The 3 Things I’ve Already Learned about the 2011 NFL Season

That’s right: week 1 isn’t even over yet and I’ve learned 3 things about this year’s NFL. I’m just that efficient of a learning machine, I guess.

For those of you who are into the whole brevity thing, I’ll get right to it:

1. Nobody knows anything.

Here are all the things I knew for sure before week 1 started: Cam Newton and the Panthers are horrendous. The Bills aren’t any good either. The Bears will regress. Atlanta will take the next step. The Rams will win the NFC West and could very well upset the over-hyped Eagles in week 1. The Chargers will not only win the AFC  West, but probably the entire AFC since special teams are no longer a factor. And if you’re in a suicide pool, Cleveland over Andy Dalton and the absolutely horrible Bengals was your week 1 lock.

Wait, what’s that? Cam Newton threw for over 400 yards in a near-win? The Bills put up 41? The Bears made Atlanta look silly? The Rams were clearly overmatched by an Eagles team that was inefficient on offense? The Chargers snuck past a bad Vikings team, in part because Percy Harvin brought the first Chargers kickoff of 2011 back for a touchdown?

Huh. That’s weird. Cause that’s not what every sports talking head in the universe has been saying.

The thing is, nobody knows anything before the games are played. Not you. Not me. Not the analysts and experts.

We should all know this by now. We’ve all seen enough predictive whiffs to know better.  It’s a testament to human stupidity that we keep listening anyway. Think about it: the best talent evaluators in the world are general managers, coaches, and scouts, right? These are the guys who make their money on being right about this sort of thing. Their whole job is to figure out which guys are going to be good, then to get them on the field in their team’s uniform.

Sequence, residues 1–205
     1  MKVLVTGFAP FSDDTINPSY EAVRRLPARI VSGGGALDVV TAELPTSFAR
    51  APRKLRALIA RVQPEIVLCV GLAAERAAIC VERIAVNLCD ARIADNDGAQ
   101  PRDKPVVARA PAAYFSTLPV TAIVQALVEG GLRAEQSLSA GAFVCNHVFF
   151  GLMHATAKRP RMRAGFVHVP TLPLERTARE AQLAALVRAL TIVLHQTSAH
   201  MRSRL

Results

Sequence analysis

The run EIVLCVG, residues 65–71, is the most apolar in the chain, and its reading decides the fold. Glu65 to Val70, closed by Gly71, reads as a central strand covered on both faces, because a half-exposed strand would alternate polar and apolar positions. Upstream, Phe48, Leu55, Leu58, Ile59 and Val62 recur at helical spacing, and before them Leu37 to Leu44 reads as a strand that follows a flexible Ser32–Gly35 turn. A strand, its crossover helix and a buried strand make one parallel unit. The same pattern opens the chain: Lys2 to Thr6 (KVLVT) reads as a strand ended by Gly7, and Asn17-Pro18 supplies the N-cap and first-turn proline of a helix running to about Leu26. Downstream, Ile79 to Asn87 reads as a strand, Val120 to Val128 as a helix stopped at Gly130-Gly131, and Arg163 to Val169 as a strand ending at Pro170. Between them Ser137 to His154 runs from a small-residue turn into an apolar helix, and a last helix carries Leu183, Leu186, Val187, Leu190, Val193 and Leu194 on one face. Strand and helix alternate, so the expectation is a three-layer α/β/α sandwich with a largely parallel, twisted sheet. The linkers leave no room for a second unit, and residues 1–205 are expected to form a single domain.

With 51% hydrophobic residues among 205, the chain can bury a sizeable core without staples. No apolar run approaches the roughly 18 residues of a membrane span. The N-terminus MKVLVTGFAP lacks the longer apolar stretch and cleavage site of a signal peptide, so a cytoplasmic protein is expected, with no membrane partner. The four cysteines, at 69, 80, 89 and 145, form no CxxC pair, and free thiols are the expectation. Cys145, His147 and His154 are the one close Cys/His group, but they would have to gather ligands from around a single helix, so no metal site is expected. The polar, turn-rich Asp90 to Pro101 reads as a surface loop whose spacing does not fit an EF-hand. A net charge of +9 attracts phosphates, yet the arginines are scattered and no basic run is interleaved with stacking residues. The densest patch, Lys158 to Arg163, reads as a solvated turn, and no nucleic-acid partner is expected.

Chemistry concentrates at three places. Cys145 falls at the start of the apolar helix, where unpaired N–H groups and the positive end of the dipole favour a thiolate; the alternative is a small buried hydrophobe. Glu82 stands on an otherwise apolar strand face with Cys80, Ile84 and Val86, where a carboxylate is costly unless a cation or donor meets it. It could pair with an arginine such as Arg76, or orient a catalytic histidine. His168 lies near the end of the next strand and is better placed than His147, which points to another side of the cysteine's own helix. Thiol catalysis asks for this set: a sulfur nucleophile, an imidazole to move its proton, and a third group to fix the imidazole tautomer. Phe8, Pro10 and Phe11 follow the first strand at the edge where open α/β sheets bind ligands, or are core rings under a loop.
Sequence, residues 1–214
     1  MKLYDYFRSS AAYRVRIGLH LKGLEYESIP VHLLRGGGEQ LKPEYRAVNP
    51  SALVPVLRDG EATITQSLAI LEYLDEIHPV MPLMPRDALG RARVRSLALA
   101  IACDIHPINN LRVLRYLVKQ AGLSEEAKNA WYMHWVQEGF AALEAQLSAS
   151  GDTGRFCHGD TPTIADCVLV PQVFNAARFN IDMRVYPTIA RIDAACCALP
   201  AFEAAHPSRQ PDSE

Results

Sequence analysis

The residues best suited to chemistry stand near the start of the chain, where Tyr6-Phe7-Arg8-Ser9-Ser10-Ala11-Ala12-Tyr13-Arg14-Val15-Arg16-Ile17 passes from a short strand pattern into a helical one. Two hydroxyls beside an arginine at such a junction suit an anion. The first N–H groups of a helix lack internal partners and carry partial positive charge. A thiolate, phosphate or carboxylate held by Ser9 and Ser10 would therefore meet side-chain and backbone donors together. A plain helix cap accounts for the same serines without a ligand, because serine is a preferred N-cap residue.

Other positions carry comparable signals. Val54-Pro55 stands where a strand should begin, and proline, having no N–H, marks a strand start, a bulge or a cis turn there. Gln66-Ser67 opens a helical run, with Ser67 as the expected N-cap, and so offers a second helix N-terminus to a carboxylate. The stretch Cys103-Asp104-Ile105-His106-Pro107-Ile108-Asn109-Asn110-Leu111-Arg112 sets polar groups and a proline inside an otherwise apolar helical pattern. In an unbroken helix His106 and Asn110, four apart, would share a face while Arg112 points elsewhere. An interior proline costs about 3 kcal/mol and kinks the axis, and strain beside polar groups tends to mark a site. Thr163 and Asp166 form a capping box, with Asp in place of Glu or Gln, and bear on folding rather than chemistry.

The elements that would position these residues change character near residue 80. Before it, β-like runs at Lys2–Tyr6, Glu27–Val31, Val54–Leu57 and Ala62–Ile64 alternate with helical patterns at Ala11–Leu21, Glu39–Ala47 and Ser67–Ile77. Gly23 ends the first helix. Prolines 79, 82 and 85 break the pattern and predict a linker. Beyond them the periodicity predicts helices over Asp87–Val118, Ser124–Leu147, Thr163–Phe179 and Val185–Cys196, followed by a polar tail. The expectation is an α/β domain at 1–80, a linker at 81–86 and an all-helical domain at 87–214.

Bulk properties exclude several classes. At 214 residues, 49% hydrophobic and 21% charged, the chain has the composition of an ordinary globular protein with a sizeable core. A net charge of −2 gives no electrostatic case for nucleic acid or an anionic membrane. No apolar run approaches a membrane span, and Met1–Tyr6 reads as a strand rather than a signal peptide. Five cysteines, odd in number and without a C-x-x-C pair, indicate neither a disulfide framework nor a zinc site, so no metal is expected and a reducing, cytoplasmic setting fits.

So how do Ryan Leaf and JaMarcus Russell happen? How does Alex Smith get taken before Aaron Rodgers? How does Tom Brady fall to the 6th round of a draft, thereby getting passed over by every NFL franchise 4, 5, and 6 times? How do lopsided trades and bad free agent signings happen? How do coaches make horrendous on-field personnel decisions?

Aren’t they the professionals?

So when radio show hosts (who get hired because they can talk well), columnists (who get hired because they can write well), and t.v. show hosts (who get hired because they can talk well and because they look good) tell you who is good, who isn’t, and which coach will get fired by week 4, distrust them. Their primary job is to get you to listen, read, and watch. Not to be right.

But hey, at least they nailed that Browns over Bengals suicide pool pick…

2. Special teams is the part of the game most affected by the lockout.

Is this just me, or has this been a crazy special teams week? Somebody has to have a stat about when there was last this much scoring on special teams in one week (I sure don’t know- since, well, I’m one of the ones who doesn’t know anything).

In any case, Randall Cobb, Percy Harvin, Ted Ginn Jr., and Patrick Peterson (et. al.) made opponents look silly, and the only thing I can figure is that in the scramble to get teams together offensively and defensively in the shortened off-season, coaches ignored special teams, perhaps assuming that the new kickoff rule would take care of that.

Well, if that happened, it turned out they were wrong. This is obviously a lot of guesswork, but it’s something to keep an eye on in future weeks.

3. Aaron Rodgers is really, really good.

No, seriously, he really is. Good call on that one, 49ers.

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